Active mind wandering
I've been doing a lot of hiking recently, and one thing I like to do is let my mind wander.  Usually when I'm walking or hiking or doing some activity that doesn't require brain power, I listen to music or podcasts, or I think about what I need to get done, or how to solve a problem I've been working on.  But lately I've been going out, leaving my electronics at home or in the car, and just letting my brain do what it wants.  It's kind of a cool sensation, almost like observing my brain in third person.  I can see an idea appear, and I just let my squishy computer go with it.  There's no objective or end state or anything I need to remember or write down.  It's just low-level mental processing, turning the gears and cranks, for no other reason than it's enjoyable. #psychology

Quitting caffeine
I quit caffeine as of a few weeks ago.  I had been drinking up to 8 cups of coffee per day (only 2 scoops of grounds though) for the past few years, and I had developed a slight sweating problem.  I'm not completely sure the two things were related, but I had been thinking about giving up caffeine anyway.  I don't like the idea of being dependent on something.  What if I'm somewhere where I can't get a fix?  And really that's what caffeine has become for me.  It's long since stopped being a morning pick-me-up or anything like that.  It's a substance, that if I don't ingest on a daily basis, I'll get a miserable headache and feel like garbage. 

I'm really not sure what to believe about the health benefits of caffeine.  I've heard it can be good.  I've heard it can be bad.  My thought is that our ancestors existed just fine without it.  Plus it's certainly not an essential vitamin or mineral or anything like that.  There's nothing in coffee or tea or any caffeinated beverage that's necessary for our bodies to function, that we can't get from eating regular food.  We can live without caffeine. 

So anyway, I slowly decreased my coffee volume consumption while also slowly decreasing the strength of the coffee itself.  The last couple weeks were a cup or two with more than half decaff grounds.  AND YET, when I quit completely I still had a stupid headache and felt crappy. 

Now that I'm caffeine-free, I'd like to say I'm sleeping better and feel great.  But honestly I feel exactly the same as I always did, albeit a little less sweaty. #food

Hybrid work
We've entered the era of hybrid work, which is a combination of on-site work and remote work, and I gotta say, it's literally the worst of both worlds.  The benefits of on-site work are that you see people face-to-face and run into people in the hallway for impromptu chats.  The benefits of remote work are that you can concentrate distraction-free while not wearing pants.  Hybrid work, as it's currently implemented, is left to the worker to decide how to manage their on-site and remote days.  So some people choose to be in the office Monday and Wednesday; other people choose Tuesday and Thursday, etc.  What this means is that on any given day you're in the office, you have absolutely no guarantee that the people you want to see will be there.  Which means that not only is your presence completely wasted, you're also working in a distracting office and you had to put on pants to do so.  And to get in contact with people, you have to call or message them anyway, which is the exact same thing you would've done if you weren't in the office. #business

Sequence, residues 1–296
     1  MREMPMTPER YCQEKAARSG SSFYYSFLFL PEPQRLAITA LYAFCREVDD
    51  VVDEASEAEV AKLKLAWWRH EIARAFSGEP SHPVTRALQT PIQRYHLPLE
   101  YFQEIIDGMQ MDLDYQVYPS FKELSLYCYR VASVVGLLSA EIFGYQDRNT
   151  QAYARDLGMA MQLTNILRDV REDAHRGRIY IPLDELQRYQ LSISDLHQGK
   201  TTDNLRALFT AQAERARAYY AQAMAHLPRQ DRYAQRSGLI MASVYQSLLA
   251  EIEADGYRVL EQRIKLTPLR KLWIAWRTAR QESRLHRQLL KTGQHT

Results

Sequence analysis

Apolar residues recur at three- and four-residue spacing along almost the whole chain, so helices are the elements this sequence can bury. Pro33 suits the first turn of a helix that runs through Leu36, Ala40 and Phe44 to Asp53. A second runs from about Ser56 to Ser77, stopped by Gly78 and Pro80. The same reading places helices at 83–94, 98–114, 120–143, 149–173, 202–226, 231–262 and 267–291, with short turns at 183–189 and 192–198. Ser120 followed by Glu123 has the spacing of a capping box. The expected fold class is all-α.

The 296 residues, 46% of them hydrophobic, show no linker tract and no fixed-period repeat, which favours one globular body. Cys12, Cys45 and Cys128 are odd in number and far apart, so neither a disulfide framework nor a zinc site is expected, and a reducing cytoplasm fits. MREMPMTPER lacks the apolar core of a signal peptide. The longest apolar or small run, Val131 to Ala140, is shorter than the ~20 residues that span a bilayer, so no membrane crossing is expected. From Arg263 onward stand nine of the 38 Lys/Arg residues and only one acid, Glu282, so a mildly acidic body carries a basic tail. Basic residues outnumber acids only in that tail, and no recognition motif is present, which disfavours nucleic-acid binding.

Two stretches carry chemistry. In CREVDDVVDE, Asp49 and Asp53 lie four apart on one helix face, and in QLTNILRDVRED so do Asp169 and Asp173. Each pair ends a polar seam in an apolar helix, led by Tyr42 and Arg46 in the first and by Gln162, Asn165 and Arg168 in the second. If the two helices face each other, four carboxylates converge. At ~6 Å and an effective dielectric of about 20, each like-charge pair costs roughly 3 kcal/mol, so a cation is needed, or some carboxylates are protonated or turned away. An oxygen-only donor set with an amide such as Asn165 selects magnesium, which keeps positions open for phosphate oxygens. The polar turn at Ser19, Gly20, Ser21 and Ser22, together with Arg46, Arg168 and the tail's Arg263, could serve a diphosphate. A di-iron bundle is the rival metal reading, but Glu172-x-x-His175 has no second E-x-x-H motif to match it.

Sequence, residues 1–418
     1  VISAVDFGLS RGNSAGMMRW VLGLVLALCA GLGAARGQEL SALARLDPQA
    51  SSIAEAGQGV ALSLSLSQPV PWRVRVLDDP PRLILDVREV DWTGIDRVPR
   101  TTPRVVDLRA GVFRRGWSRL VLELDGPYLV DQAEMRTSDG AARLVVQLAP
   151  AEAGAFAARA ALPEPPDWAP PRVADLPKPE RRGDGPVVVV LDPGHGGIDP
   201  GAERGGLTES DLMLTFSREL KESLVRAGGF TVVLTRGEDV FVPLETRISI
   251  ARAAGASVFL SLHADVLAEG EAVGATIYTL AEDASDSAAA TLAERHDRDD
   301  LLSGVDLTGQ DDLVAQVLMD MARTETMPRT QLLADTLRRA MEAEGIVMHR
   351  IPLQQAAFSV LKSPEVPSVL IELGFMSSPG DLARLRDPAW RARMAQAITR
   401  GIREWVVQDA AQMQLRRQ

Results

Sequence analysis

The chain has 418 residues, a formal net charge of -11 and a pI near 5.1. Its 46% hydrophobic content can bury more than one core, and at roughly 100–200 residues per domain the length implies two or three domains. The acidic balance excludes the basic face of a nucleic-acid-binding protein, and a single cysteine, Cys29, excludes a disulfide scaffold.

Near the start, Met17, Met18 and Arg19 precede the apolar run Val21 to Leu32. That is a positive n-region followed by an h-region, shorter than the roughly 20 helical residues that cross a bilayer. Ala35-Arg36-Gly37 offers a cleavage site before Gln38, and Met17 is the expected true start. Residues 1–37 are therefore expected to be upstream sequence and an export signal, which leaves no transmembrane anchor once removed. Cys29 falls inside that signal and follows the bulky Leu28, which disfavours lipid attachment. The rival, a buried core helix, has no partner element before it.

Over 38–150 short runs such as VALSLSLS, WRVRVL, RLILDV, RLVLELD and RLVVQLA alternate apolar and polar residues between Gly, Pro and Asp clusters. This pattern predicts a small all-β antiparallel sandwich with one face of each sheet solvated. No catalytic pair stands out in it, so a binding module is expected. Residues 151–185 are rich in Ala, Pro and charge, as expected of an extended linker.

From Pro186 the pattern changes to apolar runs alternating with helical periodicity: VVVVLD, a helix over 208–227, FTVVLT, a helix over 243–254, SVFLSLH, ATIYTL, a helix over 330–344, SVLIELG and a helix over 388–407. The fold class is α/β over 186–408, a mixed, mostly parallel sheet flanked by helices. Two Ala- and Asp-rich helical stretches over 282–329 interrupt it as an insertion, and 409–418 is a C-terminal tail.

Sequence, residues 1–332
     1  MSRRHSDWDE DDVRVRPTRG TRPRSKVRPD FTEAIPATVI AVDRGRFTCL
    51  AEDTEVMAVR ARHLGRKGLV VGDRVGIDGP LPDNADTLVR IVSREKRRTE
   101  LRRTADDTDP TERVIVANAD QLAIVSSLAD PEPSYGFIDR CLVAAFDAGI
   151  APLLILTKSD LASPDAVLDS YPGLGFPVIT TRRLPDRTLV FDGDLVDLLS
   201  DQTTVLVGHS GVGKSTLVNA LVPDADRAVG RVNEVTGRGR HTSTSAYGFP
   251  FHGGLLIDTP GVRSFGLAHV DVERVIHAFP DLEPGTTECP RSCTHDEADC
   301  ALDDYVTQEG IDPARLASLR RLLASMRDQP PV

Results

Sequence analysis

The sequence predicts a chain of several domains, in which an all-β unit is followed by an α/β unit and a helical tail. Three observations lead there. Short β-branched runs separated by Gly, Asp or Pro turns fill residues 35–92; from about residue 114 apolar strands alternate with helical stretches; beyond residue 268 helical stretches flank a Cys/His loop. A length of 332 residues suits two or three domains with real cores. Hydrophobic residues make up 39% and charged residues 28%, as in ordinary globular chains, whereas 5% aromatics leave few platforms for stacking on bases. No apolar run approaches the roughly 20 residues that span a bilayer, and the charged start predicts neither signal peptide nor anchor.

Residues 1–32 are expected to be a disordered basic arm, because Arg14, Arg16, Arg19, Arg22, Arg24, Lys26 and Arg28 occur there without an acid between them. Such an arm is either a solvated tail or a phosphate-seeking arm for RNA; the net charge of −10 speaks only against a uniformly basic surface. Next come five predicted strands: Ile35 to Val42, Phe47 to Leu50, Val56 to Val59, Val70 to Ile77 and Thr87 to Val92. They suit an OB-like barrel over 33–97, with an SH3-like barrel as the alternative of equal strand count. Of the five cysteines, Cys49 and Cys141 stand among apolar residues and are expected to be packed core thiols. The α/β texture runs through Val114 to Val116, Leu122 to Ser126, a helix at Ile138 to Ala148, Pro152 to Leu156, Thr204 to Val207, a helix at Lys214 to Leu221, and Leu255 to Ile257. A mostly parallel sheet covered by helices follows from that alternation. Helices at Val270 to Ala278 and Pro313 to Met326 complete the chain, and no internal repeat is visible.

Older coworkers
I was talking to some coworkers and we were all noticing how certain people we work with have a hard time adopting new technology.  Here we are a few years into a pandemic-fueled remote work world, and some people are still learning how to share their screen in Microsoft Teams.  One coworker said it's because our generation (born in the 1980s) were the first generation with internet in our homes while we were in high school.  We're used to adapting to the ever-changing landscape of technology.  We remember a time before the internet, before smartphones, before social networks.  And as these new things came about, we (sometimes grudgingly) adopted them and incorporated them into our daily lives.  People who are even a few years older seem to have been almost left behind in the pre-digital age.  They write things on paper; they cold-call people without messaging them first; they have trouble with copying and pasting and emails.  It's weird how there's almost a generational gap in technological proficiency, and the age difference is sometimes less than 10 years.

Trunk lock issue
My current car's trunk has two methods of entry:  An electronic switch near the steering wheel, and a keyed lock on the trunk door.  Most normal cars also have a latch on the back seat, but mine doesn't. 

A few months ago, my battery died due to the interior light being left on overnight.  What happens when a car has a dead battery?  The electronic trunk release button doesn't work.  What happens when you live in a cold climate with road salt and a seldom used keyed lock?  It seizes.  So in the middle of winter, with a dead battery, I was unable to get the jumper cables from my trunk because the idiots who designed my car couldn't envision a scenario where this series of events could happen. 

It wasn't a huge deal because I borrowed my wife's car to go to a store to buy jumper cables, which she needed anyway.  But if someone, perhaps a small child, got stuck in my trunk, I have a hard time imagining the success rate of convincing said child to follow my instructions in locating and operating the glow-in-the-dark emergency trunk release lever (which thankfully my car does have).